Mobile phone emergency calls flaw

The emergency response centre told The Standard this week it had campaigned for several years for telcos to introduce technology similar to that used in Europe and North America, where mobile calls automatically bring up a GPS location.

The emergency response centre told The Standard this week it had campaigned for several years for telcos to introduce technology similar to that used in Europe and North America, where mobile calls automatically bring up a GPS location.

A MAJOR flaw in mobile phone systems that makes it difficult to pinpoint the location of emergency callers should be improved by the end of September, according to Telstra.

Prompted by The Standard’s investigation into delays in determining the site of a Port Fairy road accident on Sunday afternoon, the telco said yesterday all mobile phone carriers were in the process of implementing changes to their networks.

“The deployment of this upgrade will be fully implemented by the end of September,” a Telstra spokesman said.

“Emergency services will be required to make the appropriate changes to their operating systems to accept this data.”

However, the Emergency Services Telecommunications Authority which handles triple-0 calls said the telcos’ promised improvements needed more refinement. Port Fairy woman Rosemary Arnold, 80, was forced to lay in pain  assisted by Premier and South West Coast MP Denis Napthine while an ESTA call-taker scrambled to get an exact location.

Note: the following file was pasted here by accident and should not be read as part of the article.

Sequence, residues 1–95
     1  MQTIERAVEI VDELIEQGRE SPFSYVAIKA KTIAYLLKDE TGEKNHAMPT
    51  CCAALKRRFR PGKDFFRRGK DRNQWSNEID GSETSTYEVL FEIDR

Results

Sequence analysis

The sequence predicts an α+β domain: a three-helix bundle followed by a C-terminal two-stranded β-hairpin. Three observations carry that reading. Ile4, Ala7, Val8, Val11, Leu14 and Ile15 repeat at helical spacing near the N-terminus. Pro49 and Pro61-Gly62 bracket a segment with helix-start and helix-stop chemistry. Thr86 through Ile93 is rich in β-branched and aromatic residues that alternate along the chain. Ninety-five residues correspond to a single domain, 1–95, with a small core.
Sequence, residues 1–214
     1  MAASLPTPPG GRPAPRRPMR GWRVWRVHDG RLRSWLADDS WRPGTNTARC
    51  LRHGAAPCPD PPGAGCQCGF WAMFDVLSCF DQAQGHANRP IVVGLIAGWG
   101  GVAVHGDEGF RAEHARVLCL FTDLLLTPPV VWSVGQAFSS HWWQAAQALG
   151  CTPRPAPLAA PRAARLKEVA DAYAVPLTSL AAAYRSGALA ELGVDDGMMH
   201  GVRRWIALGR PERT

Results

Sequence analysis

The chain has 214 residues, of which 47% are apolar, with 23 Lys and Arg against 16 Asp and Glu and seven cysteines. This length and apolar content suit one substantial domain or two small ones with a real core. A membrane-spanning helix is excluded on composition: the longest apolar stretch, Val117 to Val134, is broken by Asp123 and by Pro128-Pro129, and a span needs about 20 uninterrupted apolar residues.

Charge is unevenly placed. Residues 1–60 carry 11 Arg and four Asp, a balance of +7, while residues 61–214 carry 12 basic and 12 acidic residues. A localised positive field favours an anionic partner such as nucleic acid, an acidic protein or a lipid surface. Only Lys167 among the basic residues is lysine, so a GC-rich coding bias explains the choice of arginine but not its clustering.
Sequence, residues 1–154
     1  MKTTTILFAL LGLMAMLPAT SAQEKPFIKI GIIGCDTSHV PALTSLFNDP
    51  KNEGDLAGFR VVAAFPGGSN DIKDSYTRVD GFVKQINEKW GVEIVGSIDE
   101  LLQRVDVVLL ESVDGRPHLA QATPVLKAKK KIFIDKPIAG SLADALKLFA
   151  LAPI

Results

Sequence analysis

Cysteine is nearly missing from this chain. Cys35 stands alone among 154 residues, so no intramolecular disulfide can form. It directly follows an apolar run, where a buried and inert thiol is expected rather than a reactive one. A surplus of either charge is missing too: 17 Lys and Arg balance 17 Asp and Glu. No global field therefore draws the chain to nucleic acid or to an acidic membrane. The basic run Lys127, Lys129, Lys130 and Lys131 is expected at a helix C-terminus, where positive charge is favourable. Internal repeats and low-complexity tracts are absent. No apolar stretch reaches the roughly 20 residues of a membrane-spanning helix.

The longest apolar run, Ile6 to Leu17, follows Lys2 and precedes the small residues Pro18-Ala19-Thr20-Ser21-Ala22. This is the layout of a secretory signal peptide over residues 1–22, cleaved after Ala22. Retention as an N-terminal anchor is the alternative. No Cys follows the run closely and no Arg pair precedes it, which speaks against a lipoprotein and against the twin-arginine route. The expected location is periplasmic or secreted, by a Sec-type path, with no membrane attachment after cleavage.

It took 95 seconds to determine the location was called Skenes Road and another 54 seconds to despatch a local ambulance crew.

 Ms Arnold and others at the scene gave a verbal description of the spot outside the Belfast Lough airstrip and near the golf club, but ESTA needed an exact street name and location before despatching an ambulance.

Triple-0 calls from a landline produce an address for the national call centre, but there is no such indication on mobile calls.

The emergency response centre told The Standard this week it had campaigned for several years for telcos to introduce technology similar to that used in Europe and North America, where mobile calls automatically bring up a GPS location.

Ambulance Victoria agreed that such technology would reduce complications in sending crews to emergencies.

The Victorian government also acknowledged mobile origin location information (MOLI) was important technology.

A spokeswoman for Emergency Services Minister Kim Wells encouraged people to download a mobile phone application called Emergency+  which helps triple-0 callers identify their location using smartphone GPS technology.

“The location of a caller is the first most important piece of information the triple-0 operator needs,”  the minister’s office said.

Telstra said it, Optus and Vodafone Hutchison Australia were implementing MOLI for all mobile-originated emergency calls to the call centre and to emergency service organisations.

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